By on April 22, 2019

An “odd choice.” That’s how TTAC’s Timothy Cain characterized the Chevrolet Traverse RS when it first appeared in late 2017.

Powered by a turbocharged 2.0-liter four-cylinder, the apparently sportier version of Chevy’s full-size, three-row Traverse was a mid-range offering with blacked-out clothing  that hardly improved on the V6 model’s fuel economy. Available only in front-drive guise, the four-banger Traverse returned 1 mpg less on the highway than its 3.6-liter FWD sibling, the result of the six-cylinder’s loftier horsepower count. Combined fuel economy improved by only 1 mpg by ticking the RS box.

That was then, and this is now. Chevy’s dropping the 2.0T Traverse.

According to GM Authority, a mid-year change sees the engine disappear from the RS trim, replaced by the model’s now sole powerplant: GM’s trusty 3.6-liter, mated to the same nine-speed employed by both the V6 and 4-cyl Traverses.

To refresh your memory, the turbo Traverse brewed 257 horsepower and 295 lb-ft of torque — 53 fewer horses than the 3.6-liter model, but 29 additional foot-pounds. That low-displacement, low-end grunt allowed the Traverse to at least claim a 20 mpg city fuel economy figure, which happened to be just 2 mpg below its combined rating.

GM dresses up its RS with blacked-out trim and 20-inch wheels, adding the LT Premium Package and Convenience and Driver Confidence Package for good measure. After-destination MSRP for a FWD RS is $44,295. In other words, no change from the four-cylinder’s 2019 starting price.

While the older LTG engine is no longer available to order, there’s no word on a new downsized Traverse mill waiting in the wings. GM has a new four-cylinder in the form of the LSY, but that engine, found in the Cadillac AT4 and refreshed, 2020 GMC Acadia, is down on power compared to the older engine family. The reality might be that GM already sells plenty of Traverses and didn’t need a configuration with a low take rate to complicate matters.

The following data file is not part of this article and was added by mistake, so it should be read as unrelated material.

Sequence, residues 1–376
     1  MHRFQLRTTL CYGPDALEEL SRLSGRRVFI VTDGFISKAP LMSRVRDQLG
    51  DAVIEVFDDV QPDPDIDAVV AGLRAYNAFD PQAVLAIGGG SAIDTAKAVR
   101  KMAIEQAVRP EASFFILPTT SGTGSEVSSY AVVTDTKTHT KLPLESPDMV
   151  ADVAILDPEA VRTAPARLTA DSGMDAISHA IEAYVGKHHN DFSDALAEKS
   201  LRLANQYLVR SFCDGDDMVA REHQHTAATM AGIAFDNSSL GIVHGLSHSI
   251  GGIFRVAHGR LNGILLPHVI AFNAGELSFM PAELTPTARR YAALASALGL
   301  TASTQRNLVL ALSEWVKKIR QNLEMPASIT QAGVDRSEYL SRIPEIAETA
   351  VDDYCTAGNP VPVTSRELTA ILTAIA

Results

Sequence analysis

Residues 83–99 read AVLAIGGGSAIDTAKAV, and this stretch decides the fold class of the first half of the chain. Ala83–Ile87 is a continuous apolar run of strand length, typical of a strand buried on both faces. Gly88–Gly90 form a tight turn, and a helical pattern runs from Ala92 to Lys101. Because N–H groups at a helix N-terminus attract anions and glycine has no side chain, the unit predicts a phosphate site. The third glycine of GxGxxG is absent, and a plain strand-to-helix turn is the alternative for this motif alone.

Traverse sales rose 18.7 percent in 2018, making it the third-best selling Chevrolet behind the Silverado and Equinox. The first three months of 2019 saw sales fall 10.4 percent.

[Image: General Motors]

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20 Comments on “Chevrolet Traverse Update: Huge Crossover Ditches Small Engine...”


  • avatar
    gtem

    Now drop the 2.5NA from the Acadia.

    • 0 avatar
      PrincipalDan

      We’ll see what happens in 2020 to the Acadia – its a hard refresh with the 9-speed auto (replacing the 6-speed) and the turbo 4 becoming an engine option. I just can’t see THREE engine options in the Acadia. I wouldn’t be surprised if the options were Turbo 4 or naturally aspirated V6.

  • avatar
    gasser

    More proof that the shift from NA engines to smaller turbos is a waste of time. More complexity, more service needed, unknown long term longevity, in exchange for little or NO increase in real world gas mileage.

    • 0 avatar
      stingray65

      The automakers don’t care about real world fuel economy – they only care about the CAFE results and manufacturing costs.

    • 0 avatar
      phxmotor

      If this fine vehicle had any ANY any type of hybrid blended into it … it just might justify the tiny little 4 banger.
      Even what is laughingly and all too often dericevly called a “mild hybrid” would do the trick. Cheap reliable and effective these mild hybrids only mistake was using one single alternator/motor. With two… god knows there is plenty of room under the hood for two… when using a 42v system and two 15hp motor/generators … all of a sudden 60-70 extra ft/pounds of torque make for an extra 6-7 mpg added to intown driving. Not to mention a surge of hardcore acceleration “feel”.